Stitch only supports Postgres versions 8.2 and above. While this isn't something that's strictly enforced, we recommend keeping your version current as a best practice.
Click here for more info on replicating your views.
In this article, we'll walk you through connecting your PostgreSQL database to Stitch via an SSH Tunnel. You'll need some tech expertise to complete the setup, so we recommend looping in a developer or a member of your tech team to help out if you haven't done this before.
Connecting a PostgreSQL database is a seven-step process:
The Public Key is used to authorize the Stitch Linux user. In the next step, we'll create the user and import the key.
To retrieve the key:
Leave this page open throughout the tutorial - you'll need it in the next section and at the end.
For the connection to be successful, you must configure your firewall to allow access from our IP addresses. Whitelist the following IPs before continuing onto the next step:
sshd_config file associated with the server is not set to the default option, only certain users will have server access - this will prevent a successful connection to Stitch. In these cases, it's necessary to run a command like
AllowUsers to allow the Stitch user access to the server.
This can be a production or slave machine, as long as it contains real-time (or frequently updated) data. You may restrict this user any way you like as long as it retains the right to connect to the PostgreSQL server.
Note that anything inside square brackets -
[like this] - is something you need to define when running the commands yourself.
To create the new user, run the following commands as
root on your Linux server:
adduser [stitch username] -p mkdir /home/[stitch username] mkdir /home/[stitch username]/.ssh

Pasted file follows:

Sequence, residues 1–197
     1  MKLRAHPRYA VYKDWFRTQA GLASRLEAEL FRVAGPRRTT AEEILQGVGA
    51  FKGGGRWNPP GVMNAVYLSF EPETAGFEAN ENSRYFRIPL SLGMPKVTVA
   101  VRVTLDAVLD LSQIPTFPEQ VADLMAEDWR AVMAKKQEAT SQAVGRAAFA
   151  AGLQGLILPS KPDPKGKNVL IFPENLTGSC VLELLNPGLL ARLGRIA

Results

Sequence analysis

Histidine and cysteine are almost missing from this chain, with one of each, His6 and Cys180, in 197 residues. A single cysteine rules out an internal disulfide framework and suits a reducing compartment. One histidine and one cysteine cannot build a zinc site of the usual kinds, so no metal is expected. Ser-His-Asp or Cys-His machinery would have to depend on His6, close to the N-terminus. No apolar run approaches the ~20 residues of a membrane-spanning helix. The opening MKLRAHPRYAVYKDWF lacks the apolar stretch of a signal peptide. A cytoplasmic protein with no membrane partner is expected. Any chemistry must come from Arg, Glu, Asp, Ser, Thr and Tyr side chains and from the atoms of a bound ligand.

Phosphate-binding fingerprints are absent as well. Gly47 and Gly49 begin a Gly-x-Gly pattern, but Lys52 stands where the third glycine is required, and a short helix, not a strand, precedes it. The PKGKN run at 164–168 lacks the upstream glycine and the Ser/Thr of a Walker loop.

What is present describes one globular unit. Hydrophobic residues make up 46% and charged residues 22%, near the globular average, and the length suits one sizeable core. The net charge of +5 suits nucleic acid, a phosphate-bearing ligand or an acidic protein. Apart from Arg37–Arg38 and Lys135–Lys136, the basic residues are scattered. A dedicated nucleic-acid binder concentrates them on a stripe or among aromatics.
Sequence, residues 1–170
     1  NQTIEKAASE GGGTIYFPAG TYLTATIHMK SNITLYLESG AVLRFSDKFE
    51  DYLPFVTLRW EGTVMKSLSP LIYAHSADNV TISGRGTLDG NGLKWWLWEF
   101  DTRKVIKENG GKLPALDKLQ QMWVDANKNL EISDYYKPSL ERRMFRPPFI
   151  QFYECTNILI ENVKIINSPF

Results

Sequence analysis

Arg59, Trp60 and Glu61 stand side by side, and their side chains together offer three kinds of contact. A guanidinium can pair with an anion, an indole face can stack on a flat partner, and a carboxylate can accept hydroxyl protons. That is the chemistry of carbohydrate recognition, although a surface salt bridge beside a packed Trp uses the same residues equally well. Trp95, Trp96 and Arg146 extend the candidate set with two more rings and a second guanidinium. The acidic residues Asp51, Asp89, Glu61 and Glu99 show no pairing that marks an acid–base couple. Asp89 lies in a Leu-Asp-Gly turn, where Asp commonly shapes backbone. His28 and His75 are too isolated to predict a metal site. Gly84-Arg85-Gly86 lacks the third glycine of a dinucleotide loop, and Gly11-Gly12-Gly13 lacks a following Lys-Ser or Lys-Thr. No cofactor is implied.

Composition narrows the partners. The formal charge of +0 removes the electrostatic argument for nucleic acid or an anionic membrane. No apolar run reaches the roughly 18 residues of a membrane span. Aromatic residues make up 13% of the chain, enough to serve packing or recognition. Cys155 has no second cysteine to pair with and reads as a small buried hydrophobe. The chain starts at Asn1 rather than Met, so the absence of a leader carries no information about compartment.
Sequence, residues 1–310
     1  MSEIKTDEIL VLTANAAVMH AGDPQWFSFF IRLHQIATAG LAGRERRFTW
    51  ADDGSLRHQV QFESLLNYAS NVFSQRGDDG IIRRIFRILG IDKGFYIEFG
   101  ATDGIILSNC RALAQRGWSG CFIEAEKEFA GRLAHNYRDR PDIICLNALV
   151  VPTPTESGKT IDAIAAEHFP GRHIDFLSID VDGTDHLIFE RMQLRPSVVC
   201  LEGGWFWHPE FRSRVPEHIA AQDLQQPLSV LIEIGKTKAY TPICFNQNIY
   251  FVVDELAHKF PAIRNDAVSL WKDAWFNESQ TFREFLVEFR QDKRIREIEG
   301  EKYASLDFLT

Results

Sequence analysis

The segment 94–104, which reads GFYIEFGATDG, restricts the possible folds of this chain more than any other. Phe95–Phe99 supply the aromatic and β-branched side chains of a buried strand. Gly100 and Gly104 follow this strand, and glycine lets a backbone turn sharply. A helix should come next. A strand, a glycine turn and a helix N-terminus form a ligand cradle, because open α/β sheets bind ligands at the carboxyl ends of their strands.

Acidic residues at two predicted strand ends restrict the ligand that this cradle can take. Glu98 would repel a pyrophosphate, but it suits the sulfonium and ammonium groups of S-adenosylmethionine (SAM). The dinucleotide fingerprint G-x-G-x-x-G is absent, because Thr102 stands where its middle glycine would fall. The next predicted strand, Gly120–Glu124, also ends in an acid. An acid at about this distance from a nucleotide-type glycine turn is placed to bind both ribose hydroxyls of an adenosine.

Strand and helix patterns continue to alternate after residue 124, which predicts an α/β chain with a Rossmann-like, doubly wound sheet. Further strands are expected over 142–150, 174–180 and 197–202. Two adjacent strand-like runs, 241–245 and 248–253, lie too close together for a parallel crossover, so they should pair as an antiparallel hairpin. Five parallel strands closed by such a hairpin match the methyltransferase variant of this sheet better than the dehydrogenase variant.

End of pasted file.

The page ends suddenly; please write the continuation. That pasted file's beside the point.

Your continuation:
To ensure the user has access to the database, we need to import the Public Key from the first step into
authorized_keys. Copy the entire key into the
authorized_keys file as follows:
touch /home/[stitch username]/.ssh/authorized_keys "< [PASTE KEY HERE] >" >> /home/[stitch username]/.ssh/authorized_keys
To finish creating the user, alter the permissions on the
/home/[stitch username] directory to allow access via SSH:
chown -R [stitch username]:[stitch username] /home/[stitch username] chmod -R 700 /home/[stitch username]/.ssh
In the next step, you'll create a database user for Stitch.
Your organization may require a different process, but the simplest way to create this user is to execute the following query when logged into Postgres as a user with the right to grant privileges. This user should also own the schema that Stitch is being granted access to.
CREATE USER [stitch username] WITH ENCRYPTED PASSWORD '[secure password]';
GRANT CONNECT ON DATABASE [database name] TO [stitch username];
GRANT USAGE ON SCHEMA [schema name] TO [stitch username];
GRANT SELECT ON ALL TABLES IN SCHEMA [schema name] TO [stitch username];
ALTER DEFAULT PRIVILEGES IN SCHEMA [schema name] GRANT SELECT ON TABLES TO [stitch username];
[secure password] with a secure password, which can be different than the SSH password. Additionally, make sure you replace
[database name] and
[schema name] with the appropriate names in your database.
If you want to connect multiple databases or schemas, repeat this process as necessary.
To wrap things up, we need to enter the connection and user info into Stitch. Did you leave the PostgreSQL credentials page open? If not, click the Add an Integration button on the dashboard and then click the PostgreSQL icon. Don't forget to select the SSH Tunnel option from the Encryption Type menu.
postgres_marketingin the data warehouse.
In addition, click the Connect using SSL checkbox if you're using an SSL connection.
The Replication Frequency controls how often Stitch will attempt to replicate data from your data warehouse. By default, the frequency is set to 30 minutes, but you can change it to better suit your needs.
When you're finished, click the Save Integration button to complete the setup.
Now that your PostgreSQL database is connected to Stitch, the next step is selecting the tables and fields you want to sync.